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Pilajirao Gaekwad (d. 14 May 1732) was a Maratha general. He is considered to be the founder of the Gaekwad dynasty of the Maratha Empire, who became Maharaja of Baroda.[1]

Pilaji Rao Gaekwad
1st Maharaja of Baroda
Reign1721 - 1732
PredecessorOffice Established
SuccessorDamaji Rao Gaekwad
Dakor, Gujarat
IssueDamaji Rao II
FatherPilaji Rao Gaekwad (parental)
Damaji I Gaekwad (adopted)

Early lifeEdit

Pilaji was the eldest son of Jhingojirao Kerojirao Gaekwad. He was adopted by his uncle Damaji I Gaekwad (died 1721), who had been given the hereditary title of Shamsher Bahadur by Chhattrapati Shahu for bravery in a battle.[2]

In Dabhade serviceEdit

The Gaekwads were originally lieutenants of the Dabhade family, the Maratha chiefs of Gujarat and holders of the senapati (commander-in-chief) title. Pilaji was a mutalik (deputy) of Trimbak Rao Dabhade. When Trimbak Rao was killed for rebelling against the Maratha Peshwa in 1731, his minor son Yashwant Rao Dabhade was appointed as the senapati. The Peshwa allowed the Dabhades to retain their territories in Gujarat, on the condition that they would remit half of their revenues to the Maratha Chhatrapati's treasury. Pilaji continued to serve Yashwant Rao, and was granted the title Sena Khas Khel by the Peshwa in addition to Shamsher Bahadur.[3] Since Yashwant Rao was a minor, Pilaji was responsible for collecting the revenues from Gujarat.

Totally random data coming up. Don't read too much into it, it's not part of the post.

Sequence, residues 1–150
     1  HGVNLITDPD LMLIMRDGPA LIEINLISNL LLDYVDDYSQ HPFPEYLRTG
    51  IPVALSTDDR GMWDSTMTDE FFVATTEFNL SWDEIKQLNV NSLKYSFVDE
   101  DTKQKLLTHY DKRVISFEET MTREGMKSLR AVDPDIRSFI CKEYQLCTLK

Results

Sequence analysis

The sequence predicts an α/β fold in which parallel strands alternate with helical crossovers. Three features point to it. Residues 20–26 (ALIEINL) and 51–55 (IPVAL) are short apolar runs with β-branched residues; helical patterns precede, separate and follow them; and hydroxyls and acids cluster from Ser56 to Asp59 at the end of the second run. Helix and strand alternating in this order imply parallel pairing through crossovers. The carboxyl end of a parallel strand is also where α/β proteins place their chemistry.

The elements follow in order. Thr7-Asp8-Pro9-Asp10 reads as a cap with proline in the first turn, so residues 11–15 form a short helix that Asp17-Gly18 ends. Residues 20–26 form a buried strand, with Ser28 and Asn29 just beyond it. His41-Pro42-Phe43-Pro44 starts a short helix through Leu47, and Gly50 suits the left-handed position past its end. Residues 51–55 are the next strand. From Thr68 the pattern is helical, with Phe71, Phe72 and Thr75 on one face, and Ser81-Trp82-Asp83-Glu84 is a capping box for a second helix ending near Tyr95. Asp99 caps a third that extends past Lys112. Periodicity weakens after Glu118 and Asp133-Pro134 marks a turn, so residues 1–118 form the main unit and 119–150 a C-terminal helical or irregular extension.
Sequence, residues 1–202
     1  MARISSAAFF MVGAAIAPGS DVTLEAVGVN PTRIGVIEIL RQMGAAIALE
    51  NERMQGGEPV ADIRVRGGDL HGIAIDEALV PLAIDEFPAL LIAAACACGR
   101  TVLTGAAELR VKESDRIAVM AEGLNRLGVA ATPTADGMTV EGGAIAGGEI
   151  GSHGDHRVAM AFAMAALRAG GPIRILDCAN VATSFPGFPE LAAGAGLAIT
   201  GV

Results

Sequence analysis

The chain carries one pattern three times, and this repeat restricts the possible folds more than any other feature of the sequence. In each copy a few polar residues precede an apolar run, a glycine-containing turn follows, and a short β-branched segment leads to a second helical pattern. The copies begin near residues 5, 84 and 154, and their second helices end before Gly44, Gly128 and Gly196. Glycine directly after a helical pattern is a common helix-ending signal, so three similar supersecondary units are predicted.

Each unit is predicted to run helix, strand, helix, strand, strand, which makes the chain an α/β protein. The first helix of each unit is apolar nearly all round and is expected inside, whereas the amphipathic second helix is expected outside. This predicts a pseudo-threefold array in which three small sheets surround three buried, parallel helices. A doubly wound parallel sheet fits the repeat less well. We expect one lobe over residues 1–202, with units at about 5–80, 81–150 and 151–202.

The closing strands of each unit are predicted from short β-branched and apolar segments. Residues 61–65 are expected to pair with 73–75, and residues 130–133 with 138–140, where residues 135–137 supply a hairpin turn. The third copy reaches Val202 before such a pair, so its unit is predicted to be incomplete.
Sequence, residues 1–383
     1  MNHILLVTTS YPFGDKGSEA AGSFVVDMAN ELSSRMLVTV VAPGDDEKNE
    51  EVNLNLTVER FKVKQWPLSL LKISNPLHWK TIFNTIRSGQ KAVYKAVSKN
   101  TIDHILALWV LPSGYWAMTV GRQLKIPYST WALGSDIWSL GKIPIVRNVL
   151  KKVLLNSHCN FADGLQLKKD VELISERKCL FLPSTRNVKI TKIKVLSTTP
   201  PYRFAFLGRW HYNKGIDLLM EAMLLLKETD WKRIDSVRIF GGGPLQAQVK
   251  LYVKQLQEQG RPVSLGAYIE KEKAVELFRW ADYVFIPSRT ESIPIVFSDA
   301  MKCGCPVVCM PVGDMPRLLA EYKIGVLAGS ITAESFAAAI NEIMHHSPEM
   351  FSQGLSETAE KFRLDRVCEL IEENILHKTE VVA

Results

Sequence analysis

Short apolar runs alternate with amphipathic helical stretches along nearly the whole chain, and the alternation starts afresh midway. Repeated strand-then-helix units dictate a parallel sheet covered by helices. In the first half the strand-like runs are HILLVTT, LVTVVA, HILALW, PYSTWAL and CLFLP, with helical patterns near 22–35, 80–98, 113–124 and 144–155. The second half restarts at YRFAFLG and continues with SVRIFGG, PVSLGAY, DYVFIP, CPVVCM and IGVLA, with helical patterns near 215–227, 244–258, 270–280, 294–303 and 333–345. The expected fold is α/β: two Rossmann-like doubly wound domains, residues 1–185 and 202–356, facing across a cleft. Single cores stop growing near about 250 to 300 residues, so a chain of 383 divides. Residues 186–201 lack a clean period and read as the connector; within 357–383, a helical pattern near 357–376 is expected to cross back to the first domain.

Pilaji was assassinated on 14 May 1732 in Dakor by emissaries of Abhay Singh, the Mughal governor of Gujarat.[3] He was cremated in Savli village, which lies on the Baroda-Dakor road. He was succeeded by his son Damaji Rao Gaekwad (also known as Damaji II). Damaji fought against Peshwa Balaji Baji Rao when the Dabhades rebelled against the Peshwa. He was defeated and arrested, but later, the Peshwa appointed him as the Marath chief of Gujarat, replacing the Dabhades.[4] Pilaji's descendants thus ruled Gujarat in form of the Gaekwad dynasty].


  1. ^ "Baroda State: History". Imperial Gazetteer of India, v. 7. Oxford, Clarendon Press. 1908. p. 31.
  2. ^ Roper Lethbridge (1893). The Golden Book of India. Macmillan. p. 57.
  3. ^ a b James M. Campbell, ed. (1885). Gazetteer of the Bombay Presidency, Volume 19 - Satara. Bombay: Government Central Press. p. 274-276.
  4. ^ Charles Augustus Kincaid and Dattatray Balwant Parasnis (1918). A History of the Maratha People Volume 3. Oxford University Press. pp. 2–10.CS1 maint: uses authors parameter (link)

External linksEdit